02/02/2009 - 07:59
In the mid 1950s I was an engineer for over a year on "Neocardia".
I joined the ship in Geelong,Victoria and ranged over most of the
world,from Australia, U.K.,South America,Finland,Germany,Holland,
Persian Gulf,and most countries in the Mediteranian.
Some of the time was in the Far East.
I was 4th Engineer on watch as we were leaving the Lake Berre refinery
in the south of France with a load of petrol.The passage out to the Med.
was across the lake,through a canal to Port-de-Bouc and the open sea.
Approaching the entrance at half speed I recieved an emergency astern
which I responded to with much starting air and noise.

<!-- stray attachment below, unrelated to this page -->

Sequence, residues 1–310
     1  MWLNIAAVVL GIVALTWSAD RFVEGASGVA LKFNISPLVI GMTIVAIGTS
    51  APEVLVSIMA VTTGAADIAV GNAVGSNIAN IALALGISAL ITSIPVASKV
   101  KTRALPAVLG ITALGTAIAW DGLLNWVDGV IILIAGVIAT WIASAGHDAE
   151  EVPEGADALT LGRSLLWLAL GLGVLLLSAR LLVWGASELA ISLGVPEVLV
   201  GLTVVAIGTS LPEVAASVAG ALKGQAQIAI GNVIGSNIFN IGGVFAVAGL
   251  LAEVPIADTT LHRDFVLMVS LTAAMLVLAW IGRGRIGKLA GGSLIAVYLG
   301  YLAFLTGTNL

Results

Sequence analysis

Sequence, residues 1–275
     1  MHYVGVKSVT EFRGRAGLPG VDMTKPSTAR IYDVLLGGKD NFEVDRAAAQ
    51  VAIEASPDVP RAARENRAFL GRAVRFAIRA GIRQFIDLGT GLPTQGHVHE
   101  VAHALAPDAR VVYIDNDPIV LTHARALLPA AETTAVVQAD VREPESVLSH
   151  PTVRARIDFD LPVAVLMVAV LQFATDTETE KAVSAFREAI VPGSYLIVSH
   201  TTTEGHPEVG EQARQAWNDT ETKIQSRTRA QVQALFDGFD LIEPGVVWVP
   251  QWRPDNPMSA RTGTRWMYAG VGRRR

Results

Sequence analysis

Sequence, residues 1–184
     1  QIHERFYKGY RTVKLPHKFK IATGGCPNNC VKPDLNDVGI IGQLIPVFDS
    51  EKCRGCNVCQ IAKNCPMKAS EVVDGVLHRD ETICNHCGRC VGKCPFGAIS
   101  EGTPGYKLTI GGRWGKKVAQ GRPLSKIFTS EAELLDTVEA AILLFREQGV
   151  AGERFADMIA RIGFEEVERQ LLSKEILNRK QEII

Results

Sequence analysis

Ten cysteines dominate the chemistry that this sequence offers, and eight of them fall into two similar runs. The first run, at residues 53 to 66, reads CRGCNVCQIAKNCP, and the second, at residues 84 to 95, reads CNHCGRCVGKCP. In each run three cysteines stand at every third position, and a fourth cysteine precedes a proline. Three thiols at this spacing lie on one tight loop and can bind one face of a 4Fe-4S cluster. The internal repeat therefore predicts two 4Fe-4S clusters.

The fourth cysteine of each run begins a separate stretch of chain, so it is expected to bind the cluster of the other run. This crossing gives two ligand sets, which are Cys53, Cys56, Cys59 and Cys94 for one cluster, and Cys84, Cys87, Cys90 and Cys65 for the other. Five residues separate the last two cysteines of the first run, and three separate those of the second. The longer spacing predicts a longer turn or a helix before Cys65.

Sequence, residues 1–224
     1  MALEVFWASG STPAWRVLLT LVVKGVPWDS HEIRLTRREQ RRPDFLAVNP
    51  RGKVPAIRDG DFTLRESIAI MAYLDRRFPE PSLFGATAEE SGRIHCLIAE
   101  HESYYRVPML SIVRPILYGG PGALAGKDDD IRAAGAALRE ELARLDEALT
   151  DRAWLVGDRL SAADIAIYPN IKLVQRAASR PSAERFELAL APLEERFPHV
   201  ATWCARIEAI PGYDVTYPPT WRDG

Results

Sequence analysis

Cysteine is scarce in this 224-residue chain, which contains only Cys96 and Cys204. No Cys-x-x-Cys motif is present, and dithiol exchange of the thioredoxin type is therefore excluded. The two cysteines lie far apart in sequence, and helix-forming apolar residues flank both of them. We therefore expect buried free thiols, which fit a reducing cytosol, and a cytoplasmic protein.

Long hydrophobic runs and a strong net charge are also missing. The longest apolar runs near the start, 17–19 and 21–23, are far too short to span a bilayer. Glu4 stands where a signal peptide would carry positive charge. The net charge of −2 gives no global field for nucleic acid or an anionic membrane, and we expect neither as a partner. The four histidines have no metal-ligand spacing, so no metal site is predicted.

A minute or so later we felt the ship take to the ground,listing and
righting again as it came free.
Almost immediately petrol fumes came down the ventilators.
I told the cadet engineer to report to the Chief Engineer on deck,and
sent the 5th Engineer to shut the boiler furnaces off.
The Second Engineer then appeared and described how a barge hidden by the
break wall crossed us and was hit midships and pushed up on to the wall.
The family and their dog managed to scramble ashore.
The Radio Officer with great presence of mind recorded the whole thing
on film,and all on board recieved copies.
We got clear and went well out to sea to clean the tank and gas free.
WE had to return to the Berre refinery to discharge the cargo to allow
drydocking.As we passed through the canal returning,the ship recieved
a typical Gallic reaction with much shaking of fists and other gestures.
Every cloud has a silver lining.We had a welcome stay in Marseilles
for some weeks as the damaged plating was repaired.